Tuesday, September 16, 2014

Curiosities of Street Literature

Curiosities of Street Literature: Comprising "cocks", or "catchpennies", a large and curious assortment of street-drolleries, squibs, histories, comic tales in prose and verse, broadsides on the royal family, political litanies, dialogues, catechisms, acts of Parliament, street political papers, a variety of "ballads on a subject", dying speeches and confessions (1871)

That subtitle pretty much sums it up except maybe to add an errata note inside the cover - "The 'Execution Paper' of John Gregson, for the Murder of his Wife, at Liverpool is CANCELLED and Eight Pages, 'The Heroes of the Guillotine,' supplied instead."  A taste for the lurid seems eternal though Victorian England was one of its high (low?) points.  

What really makes this worth attention is variety of graphic styles with screaming headlines, varied fonts, eye-grabbing illustrations, anything to get you to read.  I doubt that any are attempting to replicate the originals (though for all I know this is covered in the introduction which admittedly is in such small type that it's hard to read) but these certainly stand out.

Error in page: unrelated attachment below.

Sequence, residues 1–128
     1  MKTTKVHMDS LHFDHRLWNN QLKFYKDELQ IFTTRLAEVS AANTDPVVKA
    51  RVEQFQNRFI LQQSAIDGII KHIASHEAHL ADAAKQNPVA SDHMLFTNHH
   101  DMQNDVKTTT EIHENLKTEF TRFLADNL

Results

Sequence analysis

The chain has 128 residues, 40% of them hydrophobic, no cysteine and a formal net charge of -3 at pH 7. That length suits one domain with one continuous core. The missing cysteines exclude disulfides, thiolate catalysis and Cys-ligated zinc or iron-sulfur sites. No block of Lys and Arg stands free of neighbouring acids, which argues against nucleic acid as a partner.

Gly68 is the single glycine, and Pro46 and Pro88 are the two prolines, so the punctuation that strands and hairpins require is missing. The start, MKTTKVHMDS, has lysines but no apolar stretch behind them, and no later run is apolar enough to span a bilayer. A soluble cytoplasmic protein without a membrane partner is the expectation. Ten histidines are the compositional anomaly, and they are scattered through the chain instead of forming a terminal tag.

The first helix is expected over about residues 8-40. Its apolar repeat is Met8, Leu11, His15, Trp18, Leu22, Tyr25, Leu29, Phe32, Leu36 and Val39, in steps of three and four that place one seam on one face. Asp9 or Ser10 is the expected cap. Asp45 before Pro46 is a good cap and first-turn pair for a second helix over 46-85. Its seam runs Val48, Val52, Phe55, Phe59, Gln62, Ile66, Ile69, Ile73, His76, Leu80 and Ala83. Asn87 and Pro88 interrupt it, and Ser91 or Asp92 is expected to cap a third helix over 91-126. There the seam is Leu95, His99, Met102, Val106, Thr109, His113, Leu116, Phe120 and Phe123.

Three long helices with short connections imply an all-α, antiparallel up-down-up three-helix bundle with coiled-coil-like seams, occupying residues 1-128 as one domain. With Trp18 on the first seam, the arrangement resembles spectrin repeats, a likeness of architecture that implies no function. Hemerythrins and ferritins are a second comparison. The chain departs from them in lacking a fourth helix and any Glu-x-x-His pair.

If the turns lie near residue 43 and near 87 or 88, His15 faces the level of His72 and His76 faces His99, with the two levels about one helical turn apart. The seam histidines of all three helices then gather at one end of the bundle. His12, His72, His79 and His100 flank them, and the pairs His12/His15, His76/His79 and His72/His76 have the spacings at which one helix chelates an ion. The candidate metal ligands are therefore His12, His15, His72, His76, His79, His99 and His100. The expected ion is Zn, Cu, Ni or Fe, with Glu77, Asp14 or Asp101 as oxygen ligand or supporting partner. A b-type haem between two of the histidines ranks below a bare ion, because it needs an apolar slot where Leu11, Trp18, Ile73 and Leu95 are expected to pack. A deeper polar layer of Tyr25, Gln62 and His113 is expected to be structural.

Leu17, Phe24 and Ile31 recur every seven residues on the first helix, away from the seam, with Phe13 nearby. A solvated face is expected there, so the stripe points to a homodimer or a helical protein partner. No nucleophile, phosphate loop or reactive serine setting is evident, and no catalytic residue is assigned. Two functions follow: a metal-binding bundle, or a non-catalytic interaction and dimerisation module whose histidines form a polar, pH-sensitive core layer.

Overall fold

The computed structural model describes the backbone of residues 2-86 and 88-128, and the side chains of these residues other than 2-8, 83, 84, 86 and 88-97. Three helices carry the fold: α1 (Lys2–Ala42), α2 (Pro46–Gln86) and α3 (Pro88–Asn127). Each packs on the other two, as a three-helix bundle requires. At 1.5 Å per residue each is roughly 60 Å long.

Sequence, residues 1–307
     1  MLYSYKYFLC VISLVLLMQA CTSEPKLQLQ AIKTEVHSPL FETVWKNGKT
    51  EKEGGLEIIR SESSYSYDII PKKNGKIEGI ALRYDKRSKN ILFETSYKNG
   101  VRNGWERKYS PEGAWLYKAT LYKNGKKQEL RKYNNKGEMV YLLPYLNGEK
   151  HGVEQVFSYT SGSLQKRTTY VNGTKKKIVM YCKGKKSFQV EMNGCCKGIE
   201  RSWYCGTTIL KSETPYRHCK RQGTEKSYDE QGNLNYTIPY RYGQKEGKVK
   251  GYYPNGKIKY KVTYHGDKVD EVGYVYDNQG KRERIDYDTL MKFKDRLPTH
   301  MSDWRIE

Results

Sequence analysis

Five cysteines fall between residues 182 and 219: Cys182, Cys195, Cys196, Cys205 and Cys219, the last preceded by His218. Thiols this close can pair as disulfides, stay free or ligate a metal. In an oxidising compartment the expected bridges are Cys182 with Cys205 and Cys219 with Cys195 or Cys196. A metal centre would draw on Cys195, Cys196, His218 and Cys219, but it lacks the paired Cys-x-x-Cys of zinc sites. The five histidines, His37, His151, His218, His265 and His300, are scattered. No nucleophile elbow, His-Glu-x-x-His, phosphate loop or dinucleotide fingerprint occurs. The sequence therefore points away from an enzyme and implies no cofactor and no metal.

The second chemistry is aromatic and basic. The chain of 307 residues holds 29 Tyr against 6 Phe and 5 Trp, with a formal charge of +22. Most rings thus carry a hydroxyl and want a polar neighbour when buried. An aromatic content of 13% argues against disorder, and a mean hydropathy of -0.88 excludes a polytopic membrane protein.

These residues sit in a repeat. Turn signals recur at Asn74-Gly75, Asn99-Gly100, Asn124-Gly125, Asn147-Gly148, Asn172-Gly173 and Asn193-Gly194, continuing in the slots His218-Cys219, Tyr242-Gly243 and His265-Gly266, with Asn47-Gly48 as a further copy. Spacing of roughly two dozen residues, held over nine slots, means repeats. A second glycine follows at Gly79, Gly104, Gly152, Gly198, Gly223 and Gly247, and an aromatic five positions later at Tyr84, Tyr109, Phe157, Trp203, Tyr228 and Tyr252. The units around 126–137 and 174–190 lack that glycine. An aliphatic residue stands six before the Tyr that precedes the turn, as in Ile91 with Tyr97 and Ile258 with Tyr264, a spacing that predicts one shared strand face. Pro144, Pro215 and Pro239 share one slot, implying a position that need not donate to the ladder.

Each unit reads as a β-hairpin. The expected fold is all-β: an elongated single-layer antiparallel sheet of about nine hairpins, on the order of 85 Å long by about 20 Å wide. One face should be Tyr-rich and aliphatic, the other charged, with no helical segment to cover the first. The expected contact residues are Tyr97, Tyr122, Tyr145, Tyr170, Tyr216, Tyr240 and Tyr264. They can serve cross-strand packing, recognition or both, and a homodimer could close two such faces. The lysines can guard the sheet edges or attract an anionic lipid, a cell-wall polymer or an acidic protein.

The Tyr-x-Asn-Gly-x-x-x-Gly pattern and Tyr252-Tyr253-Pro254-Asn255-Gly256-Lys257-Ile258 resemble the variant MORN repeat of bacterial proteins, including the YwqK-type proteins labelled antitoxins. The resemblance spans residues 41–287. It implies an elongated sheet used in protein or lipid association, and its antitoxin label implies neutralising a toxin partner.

Among all the crimes, royal tales, battles, ghost stories, casual misogyny ("How to Cook a Wife" runs one) and what not it's worth noting the poem "The Funny He-She Ladies" (p157) about transvestites.  There's also a description (p161) of the execution of Sir John Oldcastle who was the inspiration for Falstaff.  What about "Secrets for Ladies during Courtship" (p43) or more poems about political reform than you would ever want?  It's all here.